The Gotham’s riding position is decidedly relaxed, perfect for cruising around town. The comfortable and controlled stance afforded by the swept-back handlebar felt great while pedaling seated, and was equally comfortable while standing to hammer uphill. Once underway, the Gotham’s ride is smooth and stable. This bike’s relaxed steering geometry and long-ish wheelbase provides a predictable ride requiring little thought or attention. I found the handling to be very intuitive and natural, even relaxing.
Much of the smoothness comes from the tag-team combo of the Gates Carbon Drive belt and the N360 hub. Both of these items are very quiet and fluid in practice. I’ve ridden quite a few commuting bikes with the Gates belt, and have been stoked with their cleanliness and hassle-free nature.
This was, however, my first experience aboard the N360 hub and I’m impressed. Shifting is seamless and smooth, whether stopped at a light or mashing hard on the pedals—it never missed a beat. The gearing range is broad: low enough to pedal up the steep hills in my home terrain, yet tall enough to pedal my heart out on the downhill home from work.
For those keeping score, the overall gearing range varies 360% from easiest to hardest, greater than the 308% offered by Shimano’s Alfine 8, but less than the 409% spread of the Alfine 11 hub. The key difference, however, is the continuous variability. There are no “steps” between gears, so you’re able to dial in just the right amount of resistance for any situation. (Click here to learn how the N360 hub works.)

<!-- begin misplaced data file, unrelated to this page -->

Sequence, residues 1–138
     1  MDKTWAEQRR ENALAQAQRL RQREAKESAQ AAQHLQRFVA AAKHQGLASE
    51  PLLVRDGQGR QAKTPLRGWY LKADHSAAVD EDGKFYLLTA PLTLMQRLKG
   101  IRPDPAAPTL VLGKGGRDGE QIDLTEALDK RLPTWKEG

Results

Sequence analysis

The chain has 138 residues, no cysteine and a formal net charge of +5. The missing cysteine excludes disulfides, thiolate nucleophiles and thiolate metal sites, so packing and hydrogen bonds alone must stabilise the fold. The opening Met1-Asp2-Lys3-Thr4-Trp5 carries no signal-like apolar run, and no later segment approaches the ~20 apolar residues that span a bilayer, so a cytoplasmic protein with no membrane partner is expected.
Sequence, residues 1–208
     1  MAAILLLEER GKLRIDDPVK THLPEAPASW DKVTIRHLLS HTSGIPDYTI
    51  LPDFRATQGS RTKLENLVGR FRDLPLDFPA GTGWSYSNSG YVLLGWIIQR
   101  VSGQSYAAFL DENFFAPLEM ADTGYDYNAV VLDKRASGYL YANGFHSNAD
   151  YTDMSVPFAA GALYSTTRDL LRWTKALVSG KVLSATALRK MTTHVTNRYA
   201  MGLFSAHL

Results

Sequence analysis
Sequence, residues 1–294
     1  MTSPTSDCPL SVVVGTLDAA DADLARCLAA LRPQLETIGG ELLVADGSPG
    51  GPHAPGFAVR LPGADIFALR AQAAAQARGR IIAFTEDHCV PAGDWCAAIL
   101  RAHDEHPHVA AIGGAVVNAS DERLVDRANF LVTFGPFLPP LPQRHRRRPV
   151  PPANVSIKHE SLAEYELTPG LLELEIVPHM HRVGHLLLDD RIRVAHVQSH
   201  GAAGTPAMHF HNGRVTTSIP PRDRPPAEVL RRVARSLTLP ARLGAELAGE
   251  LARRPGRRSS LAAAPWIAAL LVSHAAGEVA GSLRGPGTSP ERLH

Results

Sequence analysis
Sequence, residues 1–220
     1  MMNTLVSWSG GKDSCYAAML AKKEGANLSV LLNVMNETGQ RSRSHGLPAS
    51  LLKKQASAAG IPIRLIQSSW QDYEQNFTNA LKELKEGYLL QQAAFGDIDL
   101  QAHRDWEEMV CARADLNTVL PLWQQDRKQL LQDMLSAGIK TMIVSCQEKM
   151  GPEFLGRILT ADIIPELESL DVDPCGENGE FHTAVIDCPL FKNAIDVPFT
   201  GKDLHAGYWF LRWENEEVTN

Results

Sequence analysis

As with most great things, there are downsides. The Gotham’s one detraction is weight—let’s face it, 38.75lbs. is no joke. That’ll only be an issue of you’re regularly lugging it up and down flights of stairs or pedaling up significant hills.
As an out-the-door commuting package, it’s hard to argue with the value presented by the Gotham. There’s a lot of utility here for the asking price. I see this bike being perfect for folks commuting less than ten miles one way, who prioritize a bomb-proof, maintenance-free ride over outright speed and efficiency.
- Age: 29
- Height: 5’7”
- Weight: 165lbs.
- Inseam: 31-inches
- Country of Origin: China
- Price: $1,300
- Weight: 38.8lbs.
- Sizes Available: XS/S, S/M (tested), L/XL
By Justin Steiner
Don’t let those cantilever brakes fool you; this ain’t no ‘cross racin’ bike. All City lumps the Space Horse into its “Road” bike category, and for good reason. The Space Horse’s geometry is more of a road/touring hybrid than a racy cross bike, with slightly longer chainstays and a lower bottom bracket for stability.